ISEE Solutions

Investing in Sustainability, Education and Empowerment Solutions

ISEE Solutions - Investing in Sustainability, Education and Empowerment Solutions

COVID-19 Update June 12, 2020

Greetings to you all,

I hope you are well as you read this week’s update on what’s happening to our Ugandan community.

This week was incredibly short because we had a public holiday on Tuesday. Majority of us only realized this in the morning as we listened to the news on the radio. It’s amazing that many people here still listen to the radio and I listen to my segment in the morning from 7am to 10am. Then my day will start after 10am with regular household chores like cleaning and making my breakfast. Then I turn to my ISEE Solution duties, which from March 2020 have been majorly phone call follow ups as movement was halted by the Covid 19 lockdown situation. I am glad to have been offered this alternative because it’s the only possible alternative to fulfill my roles and duties. 

Tuesday 9th June was Hero’s Day for us. The day when our ruling party (National Resistance Movement) celebrates the day when they emerged winners from the bush to fight for power against the famous regime of Idi Amin Dada. Most people identify Uganda by his presidency and his works. I must say he made Uganda quite famous and actually Forest Whitaker featured in a Ugandan Movie “The Last King Of Scotland”. Which makes me think, why was it even named that in the first place. Food for thought for me, I will research about it. Anyways, we celebrated Hero’s Day on Tuesday 9th June 2020 which marks 34years of H.E Museveni’s leadership. 

Since March 2020, Uganda has registered a total of at least 679 confirmed Covid 19 cases and a total of 161 recoveries have been registered with zero deaths so far. We hope that it stays like this until the world discovers a cure for this pandemic. We can only be positive in the hope that our world will win again like we have beat SARS, Ebola, Malaria, AIDs, Swine flu and the many other viruses or diseases that tortured our world. We all have a role to play and every role is as important as the other. For me and you who might not be medical researchers our role is as simple as staying safe and keeping social distances. This will enable us to stop the spread of the virus hence giving time to the doctors to focus on discovering the cure because they don’t have to worry about containment.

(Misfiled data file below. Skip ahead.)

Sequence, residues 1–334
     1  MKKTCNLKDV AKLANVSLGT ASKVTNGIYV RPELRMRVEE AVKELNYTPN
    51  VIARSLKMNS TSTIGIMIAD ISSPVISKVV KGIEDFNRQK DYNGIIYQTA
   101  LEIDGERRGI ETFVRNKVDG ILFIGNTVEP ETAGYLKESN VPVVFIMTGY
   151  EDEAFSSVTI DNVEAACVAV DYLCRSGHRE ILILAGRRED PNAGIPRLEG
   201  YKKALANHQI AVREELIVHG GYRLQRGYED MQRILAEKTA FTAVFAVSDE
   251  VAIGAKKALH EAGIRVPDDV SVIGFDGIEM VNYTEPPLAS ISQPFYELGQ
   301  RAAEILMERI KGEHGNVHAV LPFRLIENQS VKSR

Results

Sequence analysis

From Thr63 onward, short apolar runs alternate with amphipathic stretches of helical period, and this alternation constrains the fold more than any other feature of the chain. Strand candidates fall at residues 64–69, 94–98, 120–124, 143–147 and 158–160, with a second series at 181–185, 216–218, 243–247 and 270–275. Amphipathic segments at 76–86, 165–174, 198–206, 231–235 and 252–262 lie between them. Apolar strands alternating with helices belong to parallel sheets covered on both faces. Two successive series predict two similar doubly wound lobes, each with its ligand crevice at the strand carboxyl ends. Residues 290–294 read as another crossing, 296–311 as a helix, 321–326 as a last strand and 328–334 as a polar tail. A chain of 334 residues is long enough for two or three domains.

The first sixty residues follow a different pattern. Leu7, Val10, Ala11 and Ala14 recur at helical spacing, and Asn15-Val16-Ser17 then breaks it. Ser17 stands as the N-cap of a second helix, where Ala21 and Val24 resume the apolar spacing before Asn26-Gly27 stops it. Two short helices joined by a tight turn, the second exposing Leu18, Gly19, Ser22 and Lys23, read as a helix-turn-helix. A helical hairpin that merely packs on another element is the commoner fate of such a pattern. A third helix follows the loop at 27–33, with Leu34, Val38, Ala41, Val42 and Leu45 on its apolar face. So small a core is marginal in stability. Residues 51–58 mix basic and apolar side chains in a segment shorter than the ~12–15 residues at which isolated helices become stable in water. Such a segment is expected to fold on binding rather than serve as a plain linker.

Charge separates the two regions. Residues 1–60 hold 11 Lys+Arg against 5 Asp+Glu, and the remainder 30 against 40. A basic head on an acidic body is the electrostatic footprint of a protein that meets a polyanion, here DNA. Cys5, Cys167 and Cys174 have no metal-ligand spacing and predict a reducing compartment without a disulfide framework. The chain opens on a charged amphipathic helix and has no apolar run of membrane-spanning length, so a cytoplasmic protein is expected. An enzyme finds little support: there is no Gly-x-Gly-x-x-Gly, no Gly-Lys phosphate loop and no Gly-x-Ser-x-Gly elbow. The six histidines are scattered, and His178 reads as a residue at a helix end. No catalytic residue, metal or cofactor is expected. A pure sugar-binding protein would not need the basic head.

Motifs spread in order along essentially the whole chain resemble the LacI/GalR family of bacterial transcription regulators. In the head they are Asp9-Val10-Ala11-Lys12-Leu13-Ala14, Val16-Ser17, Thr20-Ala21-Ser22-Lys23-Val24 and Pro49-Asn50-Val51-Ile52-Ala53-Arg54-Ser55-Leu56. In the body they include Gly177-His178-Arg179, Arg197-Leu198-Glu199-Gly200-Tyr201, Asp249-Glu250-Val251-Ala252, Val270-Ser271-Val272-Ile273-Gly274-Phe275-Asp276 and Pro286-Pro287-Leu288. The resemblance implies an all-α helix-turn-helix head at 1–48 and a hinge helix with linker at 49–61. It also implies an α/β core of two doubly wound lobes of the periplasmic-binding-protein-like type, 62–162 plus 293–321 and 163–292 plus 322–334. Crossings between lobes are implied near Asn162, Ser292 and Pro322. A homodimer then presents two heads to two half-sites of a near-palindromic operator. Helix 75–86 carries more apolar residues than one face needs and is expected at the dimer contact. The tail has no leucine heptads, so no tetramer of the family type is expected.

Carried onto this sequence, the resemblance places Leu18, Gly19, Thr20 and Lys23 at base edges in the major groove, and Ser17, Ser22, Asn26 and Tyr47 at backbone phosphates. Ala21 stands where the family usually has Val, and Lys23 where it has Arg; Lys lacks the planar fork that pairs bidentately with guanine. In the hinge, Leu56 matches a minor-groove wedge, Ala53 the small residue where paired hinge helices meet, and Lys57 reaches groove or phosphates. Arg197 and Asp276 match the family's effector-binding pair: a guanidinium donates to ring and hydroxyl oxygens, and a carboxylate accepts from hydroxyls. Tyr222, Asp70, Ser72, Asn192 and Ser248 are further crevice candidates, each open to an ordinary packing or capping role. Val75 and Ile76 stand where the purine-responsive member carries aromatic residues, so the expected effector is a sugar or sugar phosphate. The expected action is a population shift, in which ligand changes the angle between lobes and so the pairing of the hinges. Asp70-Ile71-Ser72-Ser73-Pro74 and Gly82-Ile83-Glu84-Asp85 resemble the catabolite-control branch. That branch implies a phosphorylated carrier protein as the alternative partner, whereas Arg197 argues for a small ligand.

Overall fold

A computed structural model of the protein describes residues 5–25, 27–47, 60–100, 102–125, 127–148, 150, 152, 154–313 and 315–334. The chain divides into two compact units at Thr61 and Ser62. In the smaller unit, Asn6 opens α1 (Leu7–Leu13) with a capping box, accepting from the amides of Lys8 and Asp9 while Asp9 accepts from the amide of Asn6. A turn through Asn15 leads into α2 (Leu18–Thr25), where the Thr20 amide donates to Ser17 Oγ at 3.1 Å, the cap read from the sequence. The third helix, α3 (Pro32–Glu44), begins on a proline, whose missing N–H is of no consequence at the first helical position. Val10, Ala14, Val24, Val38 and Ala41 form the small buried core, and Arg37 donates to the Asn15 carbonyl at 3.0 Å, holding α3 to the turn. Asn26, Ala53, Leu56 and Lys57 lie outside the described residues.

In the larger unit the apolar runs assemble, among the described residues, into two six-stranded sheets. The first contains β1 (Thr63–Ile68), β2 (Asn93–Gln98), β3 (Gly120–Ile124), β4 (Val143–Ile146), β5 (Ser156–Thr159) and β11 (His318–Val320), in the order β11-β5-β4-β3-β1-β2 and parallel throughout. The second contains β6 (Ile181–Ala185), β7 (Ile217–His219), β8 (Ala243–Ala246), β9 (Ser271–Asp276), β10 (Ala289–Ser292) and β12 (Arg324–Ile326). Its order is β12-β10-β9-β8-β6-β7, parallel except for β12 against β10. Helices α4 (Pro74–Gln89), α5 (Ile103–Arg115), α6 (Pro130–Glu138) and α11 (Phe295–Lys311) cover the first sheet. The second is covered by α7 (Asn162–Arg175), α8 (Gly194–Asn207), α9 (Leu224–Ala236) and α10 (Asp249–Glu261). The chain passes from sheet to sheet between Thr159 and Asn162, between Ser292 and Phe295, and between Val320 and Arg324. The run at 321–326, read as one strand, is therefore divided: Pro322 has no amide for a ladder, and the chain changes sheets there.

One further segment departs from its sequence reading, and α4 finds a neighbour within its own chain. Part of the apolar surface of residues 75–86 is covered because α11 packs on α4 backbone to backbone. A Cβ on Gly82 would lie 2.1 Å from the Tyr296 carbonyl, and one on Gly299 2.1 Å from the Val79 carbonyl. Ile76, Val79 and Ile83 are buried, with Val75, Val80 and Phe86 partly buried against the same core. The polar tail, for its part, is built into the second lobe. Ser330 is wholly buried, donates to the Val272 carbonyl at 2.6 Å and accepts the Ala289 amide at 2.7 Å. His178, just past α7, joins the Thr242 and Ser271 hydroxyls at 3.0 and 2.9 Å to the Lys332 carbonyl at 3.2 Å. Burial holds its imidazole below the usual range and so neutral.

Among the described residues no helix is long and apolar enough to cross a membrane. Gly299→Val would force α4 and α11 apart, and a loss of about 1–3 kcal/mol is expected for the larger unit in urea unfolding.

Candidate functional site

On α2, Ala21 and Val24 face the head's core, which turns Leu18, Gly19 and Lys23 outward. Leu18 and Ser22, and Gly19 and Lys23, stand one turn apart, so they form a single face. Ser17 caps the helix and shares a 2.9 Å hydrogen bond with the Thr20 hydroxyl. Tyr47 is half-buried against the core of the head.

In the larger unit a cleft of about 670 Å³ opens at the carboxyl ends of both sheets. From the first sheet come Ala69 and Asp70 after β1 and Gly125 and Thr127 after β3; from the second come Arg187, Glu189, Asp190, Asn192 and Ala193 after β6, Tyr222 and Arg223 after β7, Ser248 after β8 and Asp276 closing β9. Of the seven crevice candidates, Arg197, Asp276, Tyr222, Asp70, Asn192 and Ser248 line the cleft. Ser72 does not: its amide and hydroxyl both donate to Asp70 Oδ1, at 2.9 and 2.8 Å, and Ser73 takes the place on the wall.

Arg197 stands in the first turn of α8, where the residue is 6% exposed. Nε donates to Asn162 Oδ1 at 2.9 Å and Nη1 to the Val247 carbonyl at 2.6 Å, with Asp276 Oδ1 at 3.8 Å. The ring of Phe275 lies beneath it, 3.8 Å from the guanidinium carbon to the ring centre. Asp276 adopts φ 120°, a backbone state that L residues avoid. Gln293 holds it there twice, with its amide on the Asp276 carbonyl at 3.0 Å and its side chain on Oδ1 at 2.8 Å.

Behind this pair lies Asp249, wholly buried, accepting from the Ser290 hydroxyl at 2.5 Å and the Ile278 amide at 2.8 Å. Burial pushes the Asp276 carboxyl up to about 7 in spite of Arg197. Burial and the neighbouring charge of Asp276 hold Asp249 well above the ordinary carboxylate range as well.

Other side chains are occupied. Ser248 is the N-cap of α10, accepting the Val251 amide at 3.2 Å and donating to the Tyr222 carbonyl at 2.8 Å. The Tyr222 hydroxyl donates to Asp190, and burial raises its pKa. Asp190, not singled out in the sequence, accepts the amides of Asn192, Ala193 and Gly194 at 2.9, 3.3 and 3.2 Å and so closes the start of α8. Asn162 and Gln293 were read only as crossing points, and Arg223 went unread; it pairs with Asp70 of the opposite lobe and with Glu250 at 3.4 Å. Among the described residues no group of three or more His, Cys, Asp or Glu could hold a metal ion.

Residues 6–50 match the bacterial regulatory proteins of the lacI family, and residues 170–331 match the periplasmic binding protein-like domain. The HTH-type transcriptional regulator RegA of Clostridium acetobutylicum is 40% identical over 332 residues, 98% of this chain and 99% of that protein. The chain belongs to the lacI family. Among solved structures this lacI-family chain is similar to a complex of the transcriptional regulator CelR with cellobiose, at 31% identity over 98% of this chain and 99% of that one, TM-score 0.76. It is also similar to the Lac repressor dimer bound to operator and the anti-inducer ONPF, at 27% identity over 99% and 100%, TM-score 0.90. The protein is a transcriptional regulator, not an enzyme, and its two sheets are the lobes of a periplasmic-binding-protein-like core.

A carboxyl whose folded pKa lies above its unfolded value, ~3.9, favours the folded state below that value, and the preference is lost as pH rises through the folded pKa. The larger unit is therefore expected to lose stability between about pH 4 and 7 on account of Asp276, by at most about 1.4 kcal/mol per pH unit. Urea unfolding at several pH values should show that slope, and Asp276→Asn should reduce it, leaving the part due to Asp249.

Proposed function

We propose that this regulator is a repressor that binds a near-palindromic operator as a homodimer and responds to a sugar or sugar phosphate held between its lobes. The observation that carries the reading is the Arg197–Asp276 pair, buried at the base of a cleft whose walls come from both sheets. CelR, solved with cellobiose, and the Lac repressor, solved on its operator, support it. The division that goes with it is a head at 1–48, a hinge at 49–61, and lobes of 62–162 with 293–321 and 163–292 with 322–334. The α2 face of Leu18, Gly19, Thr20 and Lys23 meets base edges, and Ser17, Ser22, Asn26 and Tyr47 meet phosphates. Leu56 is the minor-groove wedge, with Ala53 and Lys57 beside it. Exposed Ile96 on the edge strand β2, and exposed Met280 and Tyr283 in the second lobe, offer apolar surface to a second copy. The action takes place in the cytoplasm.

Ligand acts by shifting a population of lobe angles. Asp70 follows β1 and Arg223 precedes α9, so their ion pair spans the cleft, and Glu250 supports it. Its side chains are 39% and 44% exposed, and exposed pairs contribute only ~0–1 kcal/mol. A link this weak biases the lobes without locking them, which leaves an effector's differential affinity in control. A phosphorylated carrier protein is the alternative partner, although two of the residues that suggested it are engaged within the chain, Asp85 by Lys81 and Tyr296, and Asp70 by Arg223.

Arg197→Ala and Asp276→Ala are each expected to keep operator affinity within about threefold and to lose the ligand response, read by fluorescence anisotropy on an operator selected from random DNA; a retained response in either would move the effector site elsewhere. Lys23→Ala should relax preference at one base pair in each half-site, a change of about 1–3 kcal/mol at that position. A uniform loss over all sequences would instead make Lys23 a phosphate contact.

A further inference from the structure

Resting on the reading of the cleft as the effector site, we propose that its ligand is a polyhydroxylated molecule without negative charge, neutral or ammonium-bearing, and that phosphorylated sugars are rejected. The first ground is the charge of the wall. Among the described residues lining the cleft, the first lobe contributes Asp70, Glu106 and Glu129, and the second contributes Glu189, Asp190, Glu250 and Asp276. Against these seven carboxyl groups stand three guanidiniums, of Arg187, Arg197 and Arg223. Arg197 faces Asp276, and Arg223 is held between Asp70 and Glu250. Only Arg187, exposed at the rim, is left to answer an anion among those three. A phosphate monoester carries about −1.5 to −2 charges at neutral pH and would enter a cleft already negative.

This week, we continued to serve our Mama Nguvu partners through follow ups and we reached the following Mamas;

Pulakiseda K, is doing well. Her family is well and her family is doing okay at the moment. We spoke this week and I was able to buy some food stuff from her grocery shop like rice, sugar, salt, cooking oil and baking flour. As we try to improve the livelihoods of our Mamas, we also try to support their businesses by buying items from them like food from their restaurants and also food stuffs.

Anna M is doing well. I finally got to speak to her on the phone again this week. She had lost her phone to robbers last week. She managed to replace her old number and contacted me so I called her and we spoke a bit. She says she is feeling okay, she wasn’t injured during the robbery so that was good. The thugs only took her phone. We managed to help replace Anna’s phone for her because she also doubles in helping ISEE Solutions do Reproductive Health clinics in the schools we go to during team visits in Uganda. She is a fundamental part of our work so it’s important for us to ensure she is reachable at all times. This is why we thought it was necessary to help her get a usable phone, to ease communication between her and us.

Sara N, our  Mama who rears goats is doing okay. She was very happy this week when I contacted her. At the end of last week one of her goats gave birth to four kids. Unfortunately one of the kids died this week. She noticed this particular kid was not doing well, not feeding well so she called the veterinarian but by the time he arrived it was a bit too late. She was also facing some difficulties in feeding her family at home so we sent her some money to buy some food for her family. Sarah is one of the few Mama Nguvu partners who lives far from the central district where food was distributed.